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Cumulus Media Inc. (NASDAQ:CMLS)

Q2 2008 Earnings Call

August 11, 2008 4:30 pm ET

Executives

Lewis W. Dickey, Jr. - Chairman, President and Chief Executive Officer

Martin R. Gausvik - Executive Vice President, Chief Financial Officer and Treasurer

Analysts

Marci Ryvicker - Wachovia Capital Markets

Bishop Cheen - Wachovia Capital Markets

Leland Westerfield - BMO Capital Markets

Jim Boyle - CL King

Jim Goss - Barrington Research

Operator

Welcome to the Cumulus Media Inc. second quarter earnings release conference call. (Operator Instructions)

Please note that certain statements in today’s press release and discussed on this call may constitute forward-looking statements under the Federal Securities Laws. These statements are based on management’s current assessments and assumptions and are subject to a met number of risks and uncertainties. Actual results may differ materially from the results expressed or implied in these forward-looking statements due to various risks and uncertainties or other factors.

I would now like to introduce Lewis Dickey, Chairman and CEO of Cumulus Media.

Lewis W. Dickey, Jr.

. I appreciate your taking time today to receive an update on our performance. I’m joined by our CFO, Marty Gausvik. It’s nice to be interacting with all of you once again. As you know, we haven’t held a conference call since May 2007 due to our previously announced filed transaction. Quite a bit has changed since then, and there are many challenges for advertising-based businesses today. Though there are, I believe, even more opportunities for our company and for our medium as the competitive landscape continues to evolve. Digital age is impacting virtually every aspect of our lives and causing disruption and disintermediation in dozens of industries including media in general and in-home media in particular. Now, as an out-of-home medium, radio is relatively insulated of this fragmentation when compared to newspaper, yellow pages, and even local television. Till today, 94 out of every 100 Americans listen to fully local radio on a weekly basis. Though we’ve seen some erosion in total time spent with our medium due to this intense fragmentation, it is just a fraction of the impact that digital convergences had on traditional media. Consequently, radio’s value proposition to the advertiser in terms of reach, efficacy, and efficiency is stronger than ever before. As a result, I’m very excited about our company’s prospects as we continue to expand and strengthen our local client relationships. We’re working hard to leverage those important relationships by developing compelling new products designed to increase our share of the marketing dollars.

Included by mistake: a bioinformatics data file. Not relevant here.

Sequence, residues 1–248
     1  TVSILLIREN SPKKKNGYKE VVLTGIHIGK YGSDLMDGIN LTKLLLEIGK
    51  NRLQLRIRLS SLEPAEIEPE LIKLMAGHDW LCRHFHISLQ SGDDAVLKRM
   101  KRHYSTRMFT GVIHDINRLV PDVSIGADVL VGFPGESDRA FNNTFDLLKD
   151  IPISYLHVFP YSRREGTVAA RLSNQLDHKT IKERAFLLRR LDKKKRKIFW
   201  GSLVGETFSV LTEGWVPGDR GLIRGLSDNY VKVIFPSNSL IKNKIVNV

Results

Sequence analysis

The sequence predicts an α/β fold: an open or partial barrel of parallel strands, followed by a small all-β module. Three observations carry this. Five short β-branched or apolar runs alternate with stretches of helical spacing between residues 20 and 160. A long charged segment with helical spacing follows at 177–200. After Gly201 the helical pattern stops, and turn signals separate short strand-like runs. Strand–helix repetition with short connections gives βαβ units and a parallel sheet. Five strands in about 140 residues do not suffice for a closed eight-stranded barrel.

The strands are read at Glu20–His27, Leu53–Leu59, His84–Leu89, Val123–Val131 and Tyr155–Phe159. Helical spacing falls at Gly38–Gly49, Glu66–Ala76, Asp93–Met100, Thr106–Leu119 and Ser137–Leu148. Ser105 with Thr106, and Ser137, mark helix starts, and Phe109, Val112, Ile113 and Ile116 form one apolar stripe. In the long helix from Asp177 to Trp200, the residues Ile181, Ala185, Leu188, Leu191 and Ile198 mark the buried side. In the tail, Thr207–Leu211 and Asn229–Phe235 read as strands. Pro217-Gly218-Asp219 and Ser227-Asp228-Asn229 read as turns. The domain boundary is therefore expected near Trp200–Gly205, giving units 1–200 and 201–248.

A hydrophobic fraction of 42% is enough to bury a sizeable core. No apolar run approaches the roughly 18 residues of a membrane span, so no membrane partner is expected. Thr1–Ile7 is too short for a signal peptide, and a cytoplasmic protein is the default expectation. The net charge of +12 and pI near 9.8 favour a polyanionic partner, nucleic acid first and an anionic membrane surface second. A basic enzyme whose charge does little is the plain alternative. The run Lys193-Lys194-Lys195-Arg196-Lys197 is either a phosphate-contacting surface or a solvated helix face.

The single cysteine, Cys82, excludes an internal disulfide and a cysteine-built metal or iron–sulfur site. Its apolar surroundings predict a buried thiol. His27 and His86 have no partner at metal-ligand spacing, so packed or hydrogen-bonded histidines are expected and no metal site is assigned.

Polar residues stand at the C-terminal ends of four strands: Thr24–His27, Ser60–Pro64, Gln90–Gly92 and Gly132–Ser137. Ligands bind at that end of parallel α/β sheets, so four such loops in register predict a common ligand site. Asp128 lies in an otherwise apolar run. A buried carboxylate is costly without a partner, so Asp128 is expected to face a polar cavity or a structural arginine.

Now, this afternoon, we’re going to update you on our second quarter performance and provide guidance for the third quarter.

Starting with Q2 results, our pro forma cash revenue for all 58 markets was $79.8 million. That represents a 3.1% decrease over the second quarter of 2007. On the top-line in Q2, we had 9 markets which closed at double-digit revenue increases and two of our markets which grew their revenue in excess of 20%. Our strongest categories for the quarter in terms of year-over-year growth were telecommunications, insurance, healthcare, and entertainment. Weaker categories for the quarter were not surprisingly automotive, mortgage brokers, and construction and building.

And moving down the income statement, our Q2 pro forma EBITDA was down 7.2% to $27.4 million. Looking ahead, we’re currently pacing down 2.8% for Q3. However, to be on the safe side, we’re guiding for our Q3 revenues to be down 3% to 4%, and we do expect our operating expenses to be down 1.5% to 2%.

Now, I’m going to hand it off to Marty who is going to provide you the financial overview and then we’ll open it up for Q&A.

Martin R. Gausvik